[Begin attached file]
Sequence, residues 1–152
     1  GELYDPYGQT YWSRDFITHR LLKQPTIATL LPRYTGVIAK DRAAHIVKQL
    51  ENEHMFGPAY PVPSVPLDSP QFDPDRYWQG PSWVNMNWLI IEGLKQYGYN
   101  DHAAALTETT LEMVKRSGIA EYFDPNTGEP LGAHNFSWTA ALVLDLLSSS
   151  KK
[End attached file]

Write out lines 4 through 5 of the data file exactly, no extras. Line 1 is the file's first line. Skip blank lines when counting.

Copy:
   101  DHAAALTETT LEMVKRSGIA EYFDPNTGEP LGAHNFSWTA ALVLDLLSSS
   151  KK